MANKATO — Heather Mueller's second-grade daughter called a little meeting at home one day.
She sat her mom down and presented her with worksheets and packets of information she was receiving at school. She said, Mom, these are our “ELOs” (essential learning outcomes), but there's a problem — not everybody is learning these things, giving her friend as an example of someone who was not doing as well on the lessons.
“Now what are you going to do about it?” she said to Mueller, professional development coordinator for Mankato Area Public Schools.
At 8 years old, the scene is amusing, to say the least. But Mueller pointed out to a large group of educators from 15 districts across the region Wednesday at East High School that the kids — her daughter, included — are truly buying into the concept that “every child can learn.” And it's up to educators to work together to make sure that happens.
That's the purpose of the annual South Central Minnesota Educational Learning Consortium PLC Seminar. PLC stands for professional learning community, meaning collaboration among teachers and administrators to share ideas about what’s working, what’s not and how to move forward with a shared vision.
“It's always focused on student learning,” Mueller said. “It's also really about adults and our consistent (effort) to reach every single child.”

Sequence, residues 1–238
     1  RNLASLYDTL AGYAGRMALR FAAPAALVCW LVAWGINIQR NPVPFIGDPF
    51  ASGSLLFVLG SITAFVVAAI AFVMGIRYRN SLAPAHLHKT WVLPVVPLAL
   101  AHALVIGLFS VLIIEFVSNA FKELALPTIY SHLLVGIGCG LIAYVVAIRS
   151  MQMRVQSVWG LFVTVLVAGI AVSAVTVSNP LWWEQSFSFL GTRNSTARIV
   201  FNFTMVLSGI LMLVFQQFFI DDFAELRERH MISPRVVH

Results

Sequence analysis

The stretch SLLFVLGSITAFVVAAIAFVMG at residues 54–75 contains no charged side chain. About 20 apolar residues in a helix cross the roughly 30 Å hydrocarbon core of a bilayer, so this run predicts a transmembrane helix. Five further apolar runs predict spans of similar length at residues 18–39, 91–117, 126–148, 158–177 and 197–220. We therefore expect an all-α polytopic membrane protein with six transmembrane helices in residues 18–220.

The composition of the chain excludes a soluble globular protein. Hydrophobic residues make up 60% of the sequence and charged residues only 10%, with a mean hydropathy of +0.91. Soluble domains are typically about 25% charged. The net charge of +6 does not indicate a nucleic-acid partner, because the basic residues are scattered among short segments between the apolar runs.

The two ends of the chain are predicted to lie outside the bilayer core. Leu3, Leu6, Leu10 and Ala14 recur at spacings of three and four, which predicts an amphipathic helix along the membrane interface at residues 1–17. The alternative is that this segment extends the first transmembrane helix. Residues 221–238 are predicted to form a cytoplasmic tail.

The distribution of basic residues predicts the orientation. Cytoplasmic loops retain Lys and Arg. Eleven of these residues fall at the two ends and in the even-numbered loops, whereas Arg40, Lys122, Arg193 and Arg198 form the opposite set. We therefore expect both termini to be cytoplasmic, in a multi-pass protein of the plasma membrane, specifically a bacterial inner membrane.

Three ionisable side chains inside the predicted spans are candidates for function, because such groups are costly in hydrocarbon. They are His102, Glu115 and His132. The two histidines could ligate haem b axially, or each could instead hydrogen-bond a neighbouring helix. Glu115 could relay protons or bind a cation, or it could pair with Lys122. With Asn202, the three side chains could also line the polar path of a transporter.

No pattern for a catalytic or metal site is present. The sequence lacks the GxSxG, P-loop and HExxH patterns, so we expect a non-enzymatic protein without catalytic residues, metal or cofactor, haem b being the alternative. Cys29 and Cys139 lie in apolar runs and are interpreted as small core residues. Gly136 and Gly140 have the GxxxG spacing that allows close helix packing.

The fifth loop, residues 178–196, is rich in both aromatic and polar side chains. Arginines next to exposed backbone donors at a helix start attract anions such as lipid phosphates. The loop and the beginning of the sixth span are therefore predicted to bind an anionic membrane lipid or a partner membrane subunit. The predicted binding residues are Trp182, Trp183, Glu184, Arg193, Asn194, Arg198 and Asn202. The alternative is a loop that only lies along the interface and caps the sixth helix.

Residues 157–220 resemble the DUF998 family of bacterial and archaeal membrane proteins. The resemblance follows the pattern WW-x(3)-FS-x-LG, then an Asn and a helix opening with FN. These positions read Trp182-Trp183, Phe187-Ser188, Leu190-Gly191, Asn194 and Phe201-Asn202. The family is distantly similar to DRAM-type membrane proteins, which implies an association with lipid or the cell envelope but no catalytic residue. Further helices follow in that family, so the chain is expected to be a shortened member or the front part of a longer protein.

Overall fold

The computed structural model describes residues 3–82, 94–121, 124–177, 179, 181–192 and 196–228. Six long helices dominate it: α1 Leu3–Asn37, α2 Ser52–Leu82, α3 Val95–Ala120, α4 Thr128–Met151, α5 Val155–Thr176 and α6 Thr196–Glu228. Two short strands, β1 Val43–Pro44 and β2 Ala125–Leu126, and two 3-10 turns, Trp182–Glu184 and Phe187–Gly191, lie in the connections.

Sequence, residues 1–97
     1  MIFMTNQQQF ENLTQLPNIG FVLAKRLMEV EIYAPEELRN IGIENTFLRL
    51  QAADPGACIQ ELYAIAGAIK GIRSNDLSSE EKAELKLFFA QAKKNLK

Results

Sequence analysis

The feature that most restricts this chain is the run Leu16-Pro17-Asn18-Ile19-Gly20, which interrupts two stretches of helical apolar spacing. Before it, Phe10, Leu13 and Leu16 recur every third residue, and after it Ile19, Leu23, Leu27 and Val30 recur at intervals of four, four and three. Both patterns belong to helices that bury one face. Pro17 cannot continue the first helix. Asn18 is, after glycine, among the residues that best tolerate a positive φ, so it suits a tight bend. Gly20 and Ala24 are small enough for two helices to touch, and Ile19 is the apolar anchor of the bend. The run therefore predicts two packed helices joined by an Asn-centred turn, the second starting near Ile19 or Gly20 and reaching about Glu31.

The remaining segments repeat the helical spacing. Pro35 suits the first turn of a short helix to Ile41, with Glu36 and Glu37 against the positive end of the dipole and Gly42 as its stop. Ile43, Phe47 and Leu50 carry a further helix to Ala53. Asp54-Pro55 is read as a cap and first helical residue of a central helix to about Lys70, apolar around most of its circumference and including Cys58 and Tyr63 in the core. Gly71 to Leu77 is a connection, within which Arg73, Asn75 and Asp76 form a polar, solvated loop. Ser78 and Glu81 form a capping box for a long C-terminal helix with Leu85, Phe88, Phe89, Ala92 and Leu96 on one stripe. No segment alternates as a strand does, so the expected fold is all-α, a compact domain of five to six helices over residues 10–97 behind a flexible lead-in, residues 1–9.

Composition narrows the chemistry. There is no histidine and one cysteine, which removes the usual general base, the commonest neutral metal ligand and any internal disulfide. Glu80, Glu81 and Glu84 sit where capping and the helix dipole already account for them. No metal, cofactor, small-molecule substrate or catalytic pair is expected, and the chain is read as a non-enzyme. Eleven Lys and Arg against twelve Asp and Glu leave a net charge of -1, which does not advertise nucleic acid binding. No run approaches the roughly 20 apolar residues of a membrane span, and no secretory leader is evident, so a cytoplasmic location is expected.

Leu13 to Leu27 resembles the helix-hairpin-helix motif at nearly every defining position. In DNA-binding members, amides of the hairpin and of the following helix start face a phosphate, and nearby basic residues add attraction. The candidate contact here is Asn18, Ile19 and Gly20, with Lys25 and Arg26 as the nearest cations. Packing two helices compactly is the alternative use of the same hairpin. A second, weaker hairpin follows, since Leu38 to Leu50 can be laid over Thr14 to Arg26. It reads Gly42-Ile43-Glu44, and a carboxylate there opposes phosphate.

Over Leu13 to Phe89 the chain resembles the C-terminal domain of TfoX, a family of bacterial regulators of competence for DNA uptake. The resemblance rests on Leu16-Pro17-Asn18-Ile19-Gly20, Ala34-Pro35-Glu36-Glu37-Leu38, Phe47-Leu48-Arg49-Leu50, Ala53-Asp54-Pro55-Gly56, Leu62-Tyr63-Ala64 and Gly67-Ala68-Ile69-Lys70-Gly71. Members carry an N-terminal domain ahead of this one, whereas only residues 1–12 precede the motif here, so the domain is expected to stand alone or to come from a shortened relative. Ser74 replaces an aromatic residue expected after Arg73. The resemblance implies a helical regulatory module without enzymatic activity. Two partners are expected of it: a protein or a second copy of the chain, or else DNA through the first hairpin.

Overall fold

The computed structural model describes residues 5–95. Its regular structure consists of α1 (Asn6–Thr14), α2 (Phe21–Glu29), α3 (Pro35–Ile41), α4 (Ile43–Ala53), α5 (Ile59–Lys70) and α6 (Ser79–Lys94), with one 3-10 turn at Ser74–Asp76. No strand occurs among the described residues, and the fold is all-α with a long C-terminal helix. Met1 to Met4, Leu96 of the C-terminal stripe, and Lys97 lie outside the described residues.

Part of Mueller's and Mankato Supt. Sheri Allen's keynote was devoted to an idea from an Abraham Lincoln quote: “The dogmas of the quiet past are inadequate to the stormy present. The occasion is piled high with difficulty, and we must rise with the occasion. As our case is new, so must we think anew.”
Mueller asked those in attendance to talk about what entrenched practices in their schools and districts need to be examined and changed. Allen brought up the kinds of “stomachache” inducing changes that are significant and fundamental, such as technology, that are difficult but perhaps necessary.
And breakout sessions coordinated by Mankato, St. Peter and Waseca district representatives reinforced the ideas Mueller and Allen addressed.
For example, Dave Kennedy, a math teacher at St. Peter Middle/High School, presented on the recent technology-focused flipped-classroom model, in which students received digital lessons at home and do homework at school.
Kennedy said his biggest worry was that he wouldn't have as much time for interacting with students. But he found they were actually more frequent and in-depth. Students came to school armed with questions.
“The whole purpose with flipped is more class time to work with individuals,” he said.
Mueller said there's a difference between the ideas that every student “can learn” and every student “will learn.”
“'Can learn' is something students can do if they want to,” she said. “'Will learn' means I have to make that happen.”
She said bringing so many districts together each year helps teachers do that by sharing ideas and strategies about what's working for each of them.
The PLC conference continues today at East.